The TGA requires cleanrooms to be strictly controlled, including monitoring airborne particles, air pressure, airflow, temperature, humidity and lighting. Every cleanroom must have an accurate monitoring system. Cleanroom particle counters help measure the air quality, but their maintenance is labour-intensive and requires an average of two technicians per machine. If this process is digitised using an Internet of Things (IoT) solution, it removes the requirement for technicians to enter the cleanroom constantly to work on the machines, which lowers the risk of contamination. It also increases the accuracy of the standardised data collected from a variety of devices and this is captured by and reported through an ERP platform.

CSL in Melbourne is producing more than 50 million doses of the AstraZeneca vaccine at its factory in Broadmeadows, north of Melbourne, with its influenza vaccine business, Seqirus, completing the packaging process at another factory in Parkville. Two million doses are expected to be delivered by the end of March, with the company scheduled to produce one million doses a week from April onwards.

3. PPE

The Australian Government is strengthening our sovereign capability to manufacture the materials needed to make Personal Protective Equipment (PPE) here. The Australian Manufacturing Fund for PPE was established to stimulate business investment in new technologies and processes in the manufacturing sector.

Kestrel Manufacturing received $495,000 to assist in its production of filter materials used in both surgical and P2 masks. The company will dedicate one of its existing melt blown machines to producing high-quality medical grade filter material that will assist other local companies like Med-Con as it ramps up its annual mask production from a couple of million a year to almost 60 million.

Belgotex Fabrics, Queensland’s only major textile manufacturer, has diversified into tight weave fabrics needed to make frontline health workers’ medical scrubs uniforms and received investment from the state government.

Agile manufacturers have been able to switch gears quickly by changing products entirely. ERP systems make it easier for manufacturers to adopt this type of flexibility by providing scheduling strategies to handle unexpected orders or order changes through features such as capacity planning, work order management and materials requirements planning.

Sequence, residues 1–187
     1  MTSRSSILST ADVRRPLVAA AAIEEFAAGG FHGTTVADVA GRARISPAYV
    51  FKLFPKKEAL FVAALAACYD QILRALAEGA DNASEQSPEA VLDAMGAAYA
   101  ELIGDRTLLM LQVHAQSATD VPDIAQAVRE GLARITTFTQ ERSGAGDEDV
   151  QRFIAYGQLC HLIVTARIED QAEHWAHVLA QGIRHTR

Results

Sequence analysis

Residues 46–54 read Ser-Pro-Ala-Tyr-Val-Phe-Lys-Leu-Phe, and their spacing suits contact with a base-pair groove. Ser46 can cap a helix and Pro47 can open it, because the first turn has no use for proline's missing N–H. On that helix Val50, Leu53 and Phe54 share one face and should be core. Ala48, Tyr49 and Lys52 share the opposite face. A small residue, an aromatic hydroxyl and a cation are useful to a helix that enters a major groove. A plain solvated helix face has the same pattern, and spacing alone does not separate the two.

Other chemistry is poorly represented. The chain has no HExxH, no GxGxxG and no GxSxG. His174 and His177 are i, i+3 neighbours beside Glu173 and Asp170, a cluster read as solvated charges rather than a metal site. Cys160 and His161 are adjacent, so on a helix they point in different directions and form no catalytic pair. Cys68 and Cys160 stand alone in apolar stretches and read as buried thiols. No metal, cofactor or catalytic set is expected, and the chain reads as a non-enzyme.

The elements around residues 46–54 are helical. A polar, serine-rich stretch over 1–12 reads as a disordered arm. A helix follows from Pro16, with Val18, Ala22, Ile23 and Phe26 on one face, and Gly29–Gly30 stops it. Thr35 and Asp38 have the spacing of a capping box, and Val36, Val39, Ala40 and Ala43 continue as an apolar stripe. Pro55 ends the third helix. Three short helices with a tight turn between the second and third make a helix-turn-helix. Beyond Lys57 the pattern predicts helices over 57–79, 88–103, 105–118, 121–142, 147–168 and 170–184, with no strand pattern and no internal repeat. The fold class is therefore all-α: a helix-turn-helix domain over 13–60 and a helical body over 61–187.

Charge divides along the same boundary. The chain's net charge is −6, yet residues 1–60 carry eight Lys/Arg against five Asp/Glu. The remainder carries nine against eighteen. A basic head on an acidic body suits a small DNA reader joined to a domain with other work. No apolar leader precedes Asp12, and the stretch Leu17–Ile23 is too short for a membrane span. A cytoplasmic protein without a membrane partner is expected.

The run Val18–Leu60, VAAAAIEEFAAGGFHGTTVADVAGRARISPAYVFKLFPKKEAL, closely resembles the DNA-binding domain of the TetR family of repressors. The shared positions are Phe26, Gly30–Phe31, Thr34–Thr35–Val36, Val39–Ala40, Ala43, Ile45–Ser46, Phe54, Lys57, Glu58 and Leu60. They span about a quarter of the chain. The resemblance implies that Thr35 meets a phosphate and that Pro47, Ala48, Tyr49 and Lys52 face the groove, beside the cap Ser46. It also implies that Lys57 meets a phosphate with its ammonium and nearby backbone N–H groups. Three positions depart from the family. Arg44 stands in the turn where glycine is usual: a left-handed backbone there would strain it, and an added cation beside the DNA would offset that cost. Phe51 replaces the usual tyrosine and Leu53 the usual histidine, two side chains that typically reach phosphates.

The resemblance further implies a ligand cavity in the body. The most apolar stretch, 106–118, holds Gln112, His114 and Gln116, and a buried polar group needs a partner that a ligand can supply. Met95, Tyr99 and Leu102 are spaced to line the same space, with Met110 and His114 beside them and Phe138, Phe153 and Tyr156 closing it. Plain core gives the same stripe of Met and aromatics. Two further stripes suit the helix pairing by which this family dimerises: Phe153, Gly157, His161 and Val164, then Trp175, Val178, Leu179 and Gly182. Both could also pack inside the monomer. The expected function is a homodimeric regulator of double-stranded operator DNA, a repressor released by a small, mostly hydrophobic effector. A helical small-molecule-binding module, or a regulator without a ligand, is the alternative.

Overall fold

4. Recycling

For 30 years, China took in the world’s plastic. When they stopped, local councils and the recycling industry were faced with an unprecedented recycling crisis, especially in plastics. In December, the Australian Government passed legislation banning the export of unprocessed waste overseas via the Recycling and Waste Reduction Act 2020. There is now a significant opportunity for Australian manufacturers to utilise Australian sourced recycled materials and re-shore imported, non-recycled product into Australian sourced recycled products. This will strengthen the Australian recycling supply chain.

An ERP system will efficiently manage the complete value and supply chain for waste recycling, including waste collection, waste production and treatment, to recycling and repurposing.

Why reshore?

It has become clear in Australia as in other developed countries during the pandemic that way too much of what we deem essential has been made overseas. And even before COVID-19 the conditions were right for reshoring.

Industry 4.0 technologies, additive manufacturing, IoT and automation and artificial intelligence have combined with traditional ERP to erode the advantage once held by low-cost mass manufacturing operations in Asia. The challenge with longer supply chains, is that they often become inflexible when unexpected changes happen. With the global lockdowns occurring with little notice, the outsourcing of operations to another country is no longer viable.